Carl Icahn is known as an activist investor, a strategy he has pursued since 1980. He is also one of the most successful investors in the U.S. His estimated net worth of $25 billion ranks him as the second-richest investor in the U.S., behind Warren Buffett's $74 billion and just ahead of George Soros' $24 billion. Astute investors can learn and profit from studying the stocks the greatest investors in the world are buying.
Every quarter, large investors must disclose what stocks they own in the U.S. via 13F filings with the Securities and Exchange Commission. The SEC also requires investors who own more than 5% of the stock in a public company to disclose within two days any buying or selling of those shares on a form called a Schedule 13D.
First, a brief introduction to Icahn's investment strategy, in his own words:
We seek to find undervalued companies in the Graham & Dodd tradition, a methodology for valuing stocks that primarily looks for deeply depressed prices. ... We often become actively involved in the companies we target. That activity may involve a broad range of approaches, from influencing the management of a target to take steps to improve shareholder value, to acquiring a controlling interest or outright ownership of the target company in order to implement changes that we believe are required to improve its business, and then operating and expanding that business. This activism has brought about very strong returns over the years.
Icahn's positions in Hertz and Navistar both reflect this strategy.
Icahn first built his stake in Hertz by buying call options through the third quarter of 2014. After he converted those into shares, the stock was beaten down when the car rental company announced it would have to restate financials dating back to 2011.
The errors in the financial statements caused Icahn and others to lose confidence in CEO and chairman Mark Frissora, who subsequently resigned in early September. Hertz then agreed to appoint three Icahn nominees to the board of directors and to raise its poison pill to a 20% ownership threshold. Icahn has steadily increased his stake in Hertz since then.
The 13D filing on Dec. 17 indicated that Icahn had added another 2.63 million shares at an average price of $21.36. The purchase brings his total holding to 51,922,405 for an 11.34% stake. While the financials refiling is weighing on shares of Hertz, there's still much to like about the company, which you can now buy into at a lower price than Icahn originally did.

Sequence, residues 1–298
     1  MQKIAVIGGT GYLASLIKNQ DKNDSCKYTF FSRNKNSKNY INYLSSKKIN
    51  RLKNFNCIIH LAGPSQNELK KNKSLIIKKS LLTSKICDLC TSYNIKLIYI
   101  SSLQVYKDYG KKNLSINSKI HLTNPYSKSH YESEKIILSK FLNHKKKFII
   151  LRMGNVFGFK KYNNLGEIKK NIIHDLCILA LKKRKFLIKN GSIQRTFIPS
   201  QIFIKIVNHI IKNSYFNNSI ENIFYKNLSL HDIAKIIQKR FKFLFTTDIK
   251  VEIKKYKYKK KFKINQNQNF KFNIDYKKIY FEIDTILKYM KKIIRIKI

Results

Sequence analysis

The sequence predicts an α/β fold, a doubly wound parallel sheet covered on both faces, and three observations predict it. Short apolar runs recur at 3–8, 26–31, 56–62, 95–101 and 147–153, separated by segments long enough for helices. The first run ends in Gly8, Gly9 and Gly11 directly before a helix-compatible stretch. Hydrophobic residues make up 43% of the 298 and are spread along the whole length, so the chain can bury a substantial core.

First, the financial restatement should not materially impact Hertz's business over the long run. The errors covered the capitalization and timing of depreciation for certain non-fleet assets, allowances for doubtful accounts in Brazil, allowances for uncollectible amounts with respect to renter obligations for damaged vehicles, and restoration obligations at the end of facility leases and certain other items. Hertz first said it had found $43 million in errors, and then it upped that to $87 million over three years -- roughly $30 million per year during that period. Even if that were to double again, Hertz expects to make $1.3 billion in EBITDA this year, which is more than enough to cover the error costs and fix them going forward. Looking back, net income is expected to drop 18%, 14%, and 6% for 2011, 2012, and 2013, respectively. While that's sizable, it's certainly not life-threatening to the company.
While the depreciation error is worrisome in that it is an accounting issue where there shouldn't have been one, the other three issues are all areas in which there is a lot of leeway, particularly in developing countries like Brazil, where the rule of law is not as straightforward as in the U.S., particularly with regard to the collection of payments. It should be noted that the depreciation issue only affects a small portion of Hertz's $14 billion fleet of cars, which, as of the end of 2013 (the last time Hertz filed a full annual report), had a collective $2.7 billion in depreciation, making the $87 million just a drop in the bucket.